Diabetes is Australia’s fastest growing chronic condition. Diabetes is a serious complex condition which can affect the entire body. Diabetes requires daily self-care and if complications develop, diabetes can have a significant impact on the quality of life and can reduce life expectancy. While there is currently no cure for diabetes, you can live an enjoyable life by learning about the condition and effectively managing it.
Here are some key statistics about the different types of diabetes and the impact of the condition on the community.
- 1.8 million Australians are living with diabetes – this includes 1.3 million people who have been diagnosed and an estimated 500,000 cases of undiagnosed type 2 diabetes.
- Every five minutes someone is diagnosed with diabetes, which adds up to almost 300 people every day.
- One in four adults over the age of 25 is living with either diabetes or pre-diabetes.
- Diabetes is the seventh most common cause of death by disease in Australia.
- Diabetes costs the Australian economy $14 billion every year.
All types of diabetes are increasing in prevalence:
- Type 1 diabetes accounts for 10% of all diabetes and is increasing
- Type 2 diabetes accounts for 85% of all diabetes and is increasing
- Gestational diabetes in pregnancy is increasing
Type 1 Diabetes:
- 119,000 Australians are currently living with type 1 diabetes
- Represents 10 to 15 per cent of all cases of diabetes and is increasing each year
- Occurs when the cells of the pancreas are destroyed by the body’s immune system, meaning that the body is unable to produce any insulin
- Requires treatment with ongoing insulin therapy
- Is not caused by lifestyle factors and has no known cause or cure
- Is often diagnosed in childhood, although it can occur at any age.
Type 2 Diabetes:
- 1.3 million Australians are currently living with type 2 diabetes.
- Represents 85 to 90 per cent of all cases of diabetes and is increasing each year.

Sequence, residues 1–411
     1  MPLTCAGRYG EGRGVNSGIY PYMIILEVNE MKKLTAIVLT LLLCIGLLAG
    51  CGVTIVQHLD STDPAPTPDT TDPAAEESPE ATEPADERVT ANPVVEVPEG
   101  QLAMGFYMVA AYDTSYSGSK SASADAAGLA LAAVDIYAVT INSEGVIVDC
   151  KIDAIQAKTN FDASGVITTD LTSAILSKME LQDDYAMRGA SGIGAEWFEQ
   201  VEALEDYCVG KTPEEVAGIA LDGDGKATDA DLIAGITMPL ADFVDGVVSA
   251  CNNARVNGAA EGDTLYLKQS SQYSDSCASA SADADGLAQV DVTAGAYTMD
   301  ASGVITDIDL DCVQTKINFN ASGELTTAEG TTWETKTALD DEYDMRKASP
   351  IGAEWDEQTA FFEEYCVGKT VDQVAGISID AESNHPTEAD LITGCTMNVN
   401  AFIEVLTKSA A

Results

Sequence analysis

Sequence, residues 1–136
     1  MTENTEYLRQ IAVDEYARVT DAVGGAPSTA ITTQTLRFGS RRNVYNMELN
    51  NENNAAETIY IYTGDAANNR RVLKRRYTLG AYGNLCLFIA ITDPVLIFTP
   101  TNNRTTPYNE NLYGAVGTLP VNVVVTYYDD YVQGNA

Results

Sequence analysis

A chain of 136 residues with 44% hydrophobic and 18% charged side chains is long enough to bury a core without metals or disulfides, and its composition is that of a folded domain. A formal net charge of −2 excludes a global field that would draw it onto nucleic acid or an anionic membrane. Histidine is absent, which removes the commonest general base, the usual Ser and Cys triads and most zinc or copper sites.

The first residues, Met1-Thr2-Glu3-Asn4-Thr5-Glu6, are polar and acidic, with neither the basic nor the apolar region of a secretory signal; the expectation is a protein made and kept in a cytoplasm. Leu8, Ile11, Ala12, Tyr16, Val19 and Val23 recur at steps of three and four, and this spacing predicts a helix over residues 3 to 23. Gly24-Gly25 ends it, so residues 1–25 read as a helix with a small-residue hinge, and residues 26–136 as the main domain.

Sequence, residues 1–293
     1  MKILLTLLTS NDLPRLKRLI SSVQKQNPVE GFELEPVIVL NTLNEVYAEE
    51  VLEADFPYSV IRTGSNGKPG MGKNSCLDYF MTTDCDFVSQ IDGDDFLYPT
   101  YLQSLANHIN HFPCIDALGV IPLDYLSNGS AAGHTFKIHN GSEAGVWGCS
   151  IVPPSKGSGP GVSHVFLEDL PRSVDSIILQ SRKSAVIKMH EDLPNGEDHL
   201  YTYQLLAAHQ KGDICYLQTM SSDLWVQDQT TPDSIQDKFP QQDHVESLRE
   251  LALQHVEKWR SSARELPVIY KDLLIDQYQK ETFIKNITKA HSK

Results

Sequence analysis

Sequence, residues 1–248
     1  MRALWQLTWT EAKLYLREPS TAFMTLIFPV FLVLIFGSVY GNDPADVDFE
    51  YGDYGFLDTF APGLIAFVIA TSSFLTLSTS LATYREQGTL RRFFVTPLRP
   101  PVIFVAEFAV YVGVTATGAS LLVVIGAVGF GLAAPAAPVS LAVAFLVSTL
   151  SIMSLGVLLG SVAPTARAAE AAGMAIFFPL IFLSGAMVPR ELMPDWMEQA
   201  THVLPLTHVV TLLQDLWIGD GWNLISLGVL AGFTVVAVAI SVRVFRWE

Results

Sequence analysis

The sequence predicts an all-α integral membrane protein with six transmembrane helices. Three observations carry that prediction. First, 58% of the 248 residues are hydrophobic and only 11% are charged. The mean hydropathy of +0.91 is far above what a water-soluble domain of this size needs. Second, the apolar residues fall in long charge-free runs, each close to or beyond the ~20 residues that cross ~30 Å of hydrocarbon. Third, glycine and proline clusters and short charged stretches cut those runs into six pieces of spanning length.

- Occurs when the pancreas is not producing enough insulin, or when the insulin that is produced is not working effectively.
- Risk factors include age, family history, ethnicity and lifestyle factors such as an unhealthy diet and lack of physical activity.
- 58 per cent of all cases of type 2 diabetes can be delayed or prevented with changes to diet and lifestyle.
- Affects one in seven pregnancies.
- Is the fastest growing type of diabetes in Australia.
- Occurs during pregnancy and usually goes away after the baby is born.
- Women who have had gestational diabetes are at greater risk of developing type 2 diabetes later in life.
- Risk factors include age, ethnicity and being above a healthy weight range when pregnant.
- Gestational diabetes may also occur in women with no known risk factors and should be tested for at 24–28 weeks of pregnancy.
Myths About Diabetes
There are many myths about diabetes which can make separating fact from fiction difficult. To cut through the confusion, we’ve broken down some of the common misconceptions:
Myth – Diabetes is not serious
Fact – There is no such thing as “mild” diabetes. All types of diabetes are serious and can lead to complications if not well managed. Diabetes can affect quality of life and can reduce life expectancy.
Myth – All types of diabetes are the same